Many of us may recall the ‘what did I do on my summer vacation’ essay question at the beginning of the school year. For 17 graduate students in our Digital Media and Corporate and Organizational Communication programs, the summer break was an opportunity to do something very consequential.
With the guidance of our digital marketing expert and instructor, Christina Inge, they designed a brand identity and website for our Virtual PR Firm (VPRF).
Starting in March of 2020, I have been consuming an overwhelming amount of online content in an attempt to track the labyrinth of chaos we are facing in our world today. While writing this piece, there were times that I felt paralyzed and unable to bring my words to light.
My struggle was mitigated when Professor Patty shared her observation of my recent educational experiences. She described it as a Journey of Resilience. I had never thought of myself as Resilient. Yet, upon reflection, she might be right.
Researching resiliency – My perspective
Before proclaiming myself as resilient, I had to learn more about the concept. I read a journal on resilience definitions, theory, and challenges, along with interdisciplinary perspectives. The most striking perspective on resilience is that it can be in different aspects of life. One could be culturally, biologically, emotionally, academically, and/or professionally resilient (Southwick, Bonanno, Masten, Brick, Yehuda, 2014).
Communication is the fire that fuels the workplace engine. It is difficult to overstate just how important communication can be to a successful organization.
Case-in-point: A recent survey of 400 companies conducted by the Society of Human Resource Management (SHRM) revealed that, on average, each company lost $62.4 million per year due to inadequate communication.
“In an era when Artificial Intelligence and other digital technologies are changing the way organizations operate, communication skills will become even more vital to strengthening relationships and promoting collaboration and adaptability,” says Carl Zangerl, faculty director for the communication and human resource management programs within Northeastern’s College of Professional Studies.
Mere weeks after Samsung unveiled its Galaxy Note 7, reports surfaced of the smartphone catching fire. Within a month of the device’s launch, the company recalled 2.5 million Note 7s, citing faulty batteries as the cause of the crisis.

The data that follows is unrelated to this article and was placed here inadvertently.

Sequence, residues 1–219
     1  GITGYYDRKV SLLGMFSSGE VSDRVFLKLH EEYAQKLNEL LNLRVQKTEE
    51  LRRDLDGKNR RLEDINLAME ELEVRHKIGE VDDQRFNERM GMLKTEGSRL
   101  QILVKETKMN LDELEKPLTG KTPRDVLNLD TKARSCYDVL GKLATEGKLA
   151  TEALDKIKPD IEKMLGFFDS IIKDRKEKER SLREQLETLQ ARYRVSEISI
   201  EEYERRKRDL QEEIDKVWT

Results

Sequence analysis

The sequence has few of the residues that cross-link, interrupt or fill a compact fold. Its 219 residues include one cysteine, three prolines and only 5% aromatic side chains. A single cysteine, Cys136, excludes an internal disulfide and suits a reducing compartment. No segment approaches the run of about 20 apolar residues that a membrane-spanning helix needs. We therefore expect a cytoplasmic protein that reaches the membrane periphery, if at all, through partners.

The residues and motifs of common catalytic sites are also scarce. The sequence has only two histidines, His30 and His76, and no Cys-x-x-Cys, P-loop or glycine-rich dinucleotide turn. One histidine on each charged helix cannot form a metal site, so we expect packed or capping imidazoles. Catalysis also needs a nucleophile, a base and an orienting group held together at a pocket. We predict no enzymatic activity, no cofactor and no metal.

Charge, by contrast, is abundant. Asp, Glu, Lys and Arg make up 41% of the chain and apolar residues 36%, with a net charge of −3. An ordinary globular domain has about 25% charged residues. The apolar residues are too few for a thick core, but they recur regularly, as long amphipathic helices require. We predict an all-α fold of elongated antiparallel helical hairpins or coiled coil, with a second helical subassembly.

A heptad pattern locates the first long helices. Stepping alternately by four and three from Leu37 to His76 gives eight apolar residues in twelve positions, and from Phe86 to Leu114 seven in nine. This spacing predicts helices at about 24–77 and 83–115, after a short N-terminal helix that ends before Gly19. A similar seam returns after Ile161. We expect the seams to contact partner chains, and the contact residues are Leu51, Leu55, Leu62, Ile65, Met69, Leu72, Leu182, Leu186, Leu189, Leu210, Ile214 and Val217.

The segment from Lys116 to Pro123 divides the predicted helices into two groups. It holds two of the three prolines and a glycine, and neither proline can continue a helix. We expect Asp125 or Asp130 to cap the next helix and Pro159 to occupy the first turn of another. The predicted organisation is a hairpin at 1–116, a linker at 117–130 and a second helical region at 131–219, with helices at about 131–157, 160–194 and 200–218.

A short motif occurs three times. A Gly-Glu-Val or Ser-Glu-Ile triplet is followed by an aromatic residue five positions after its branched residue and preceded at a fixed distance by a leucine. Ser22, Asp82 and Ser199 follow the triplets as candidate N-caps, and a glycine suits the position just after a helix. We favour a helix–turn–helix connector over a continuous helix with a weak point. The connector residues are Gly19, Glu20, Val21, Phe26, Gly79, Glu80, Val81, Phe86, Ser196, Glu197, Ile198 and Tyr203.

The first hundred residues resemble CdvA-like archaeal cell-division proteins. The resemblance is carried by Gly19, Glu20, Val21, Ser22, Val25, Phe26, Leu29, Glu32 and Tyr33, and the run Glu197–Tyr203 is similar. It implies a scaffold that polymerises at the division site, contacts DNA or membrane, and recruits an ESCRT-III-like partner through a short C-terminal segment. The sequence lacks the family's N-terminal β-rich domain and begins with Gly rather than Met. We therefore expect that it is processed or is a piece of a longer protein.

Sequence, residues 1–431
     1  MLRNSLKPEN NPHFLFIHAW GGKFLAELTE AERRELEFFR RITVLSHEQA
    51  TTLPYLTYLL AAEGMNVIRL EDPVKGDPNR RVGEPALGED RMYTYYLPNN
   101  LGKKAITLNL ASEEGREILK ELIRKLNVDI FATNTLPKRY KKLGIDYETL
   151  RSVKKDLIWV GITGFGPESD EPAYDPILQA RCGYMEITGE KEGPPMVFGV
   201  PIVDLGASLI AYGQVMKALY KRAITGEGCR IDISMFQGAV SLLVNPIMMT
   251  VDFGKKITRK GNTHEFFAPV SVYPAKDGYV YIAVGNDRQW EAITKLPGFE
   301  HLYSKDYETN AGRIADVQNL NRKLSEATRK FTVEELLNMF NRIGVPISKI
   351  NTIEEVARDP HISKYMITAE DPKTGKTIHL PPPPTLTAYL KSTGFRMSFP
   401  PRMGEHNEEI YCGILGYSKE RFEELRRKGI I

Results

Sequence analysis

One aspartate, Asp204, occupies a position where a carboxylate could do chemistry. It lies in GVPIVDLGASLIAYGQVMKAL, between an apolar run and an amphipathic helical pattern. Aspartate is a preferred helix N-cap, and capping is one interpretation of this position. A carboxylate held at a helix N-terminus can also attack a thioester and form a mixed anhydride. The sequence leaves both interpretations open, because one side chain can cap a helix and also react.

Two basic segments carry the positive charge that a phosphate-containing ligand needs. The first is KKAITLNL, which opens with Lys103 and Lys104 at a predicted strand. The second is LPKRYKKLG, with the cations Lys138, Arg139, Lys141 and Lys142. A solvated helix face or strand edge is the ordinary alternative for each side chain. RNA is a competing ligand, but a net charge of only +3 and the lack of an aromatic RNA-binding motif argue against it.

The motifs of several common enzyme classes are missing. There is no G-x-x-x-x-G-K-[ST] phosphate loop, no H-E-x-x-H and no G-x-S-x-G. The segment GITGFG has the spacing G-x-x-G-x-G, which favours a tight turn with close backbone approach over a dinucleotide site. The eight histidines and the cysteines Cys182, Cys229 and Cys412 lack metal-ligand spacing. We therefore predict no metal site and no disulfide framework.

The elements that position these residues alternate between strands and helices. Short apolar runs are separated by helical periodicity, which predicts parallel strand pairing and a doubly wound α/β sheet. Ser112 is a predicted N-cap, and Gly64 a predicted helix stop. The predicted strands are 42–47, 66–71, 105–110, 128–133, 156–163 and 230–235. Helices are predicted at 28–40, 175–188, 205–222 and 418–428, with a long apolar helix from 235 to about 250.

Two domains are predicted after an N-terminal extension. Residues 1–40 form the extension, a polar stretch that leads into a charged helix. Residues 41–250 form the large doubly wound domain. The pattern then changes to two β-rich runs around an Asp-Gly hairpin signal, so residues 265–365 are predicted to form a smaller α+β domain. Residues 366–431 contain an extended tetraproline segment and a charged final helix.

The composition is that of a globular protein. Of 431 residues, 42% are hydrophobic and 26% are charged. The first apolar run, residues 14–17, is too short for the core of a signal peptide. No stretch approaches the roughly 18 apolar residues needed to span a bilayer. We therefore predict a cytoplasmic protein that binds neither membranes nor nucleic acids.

What started as a manufacturing mishap quickly escalated into a public relations (PR) nightmare. With customers’ safety at stake, all eyes were on Samsung, which didn’t take full responsibility of the flaw for more than three months after the phone’s recall. The company’s mobile division experienced a 96 percent drop in operating profit as negative headlines continued to emerge, including airlines prohibiting passengers from bringing the phone on flights.
What happened to Samsung could happen to any company; several other brands have faced recalls. For example, Johnson & Johnson pulled its Tylenol products from shelves in 1982 after seven people died in the Chicago area, and Hasbro halted sales in 2007 of its Easy Bake Oven after reports of the toy badly burning children.
Last February, CPS sponsored a Symposium on the Intersection of AI and Talent Strategy. What we learned both from experts who are tracking the trends and AI champions who are actually implementing AI initiatives is that these technologies are moving into the mainstream. Change is happening now. Some organizations, the early adopters – the so-called ‘digital natives’ – are using AI to gain competitive advantage. In contrast, the vast majority of organizations in both the private and nonprofit sectors are at the very beginning of the change curve.
Today’s communication professional is tasked with many challenges, not the least of which is developing and maintaining a competitive skill set.
As Egon Zehnder’s global head of the human resources and communication practice, Gizem Weggemans knows this to be true. In this interview, she discusses what it takes to be a well-rounded communication leader in today’s market.
More than 205 billion emails are sent and received every day. In that same time span, 1.37 billion users log on to Facebook, another 330 million visit Twitter, the Washington Post publishes roughly 500 articles, and about 2.7
million new blog posts go live on WordPress.
As we forge into this Information Age and World of Robotics, the concept of Human Literacy has been introduced to the stage. What is Human Literacy? Northeastern University President Aoun has proposed Human Literacy to mean our unique abilities to adapt, collaborate, and offer empathy in comparison to computational literacy generated through artificial intelligence. This new use of the term human literacy is an example of a cultural linguistic adjustment in professional studies within higher education. This is where the idea of a cultural audit takes footing. So, what is a cultural audit?
I am a learner. I love reading articles, books, taking courses – you name it. If I can learn from it, I’m in.
But, even so, it took me a while to go back and get my master’s degree. I knew it would be an investment, and because of that, I wanted to choose wisely. I left college years ago, went on to have a series of great jobs, and slowly came back around to the idea of going back to school.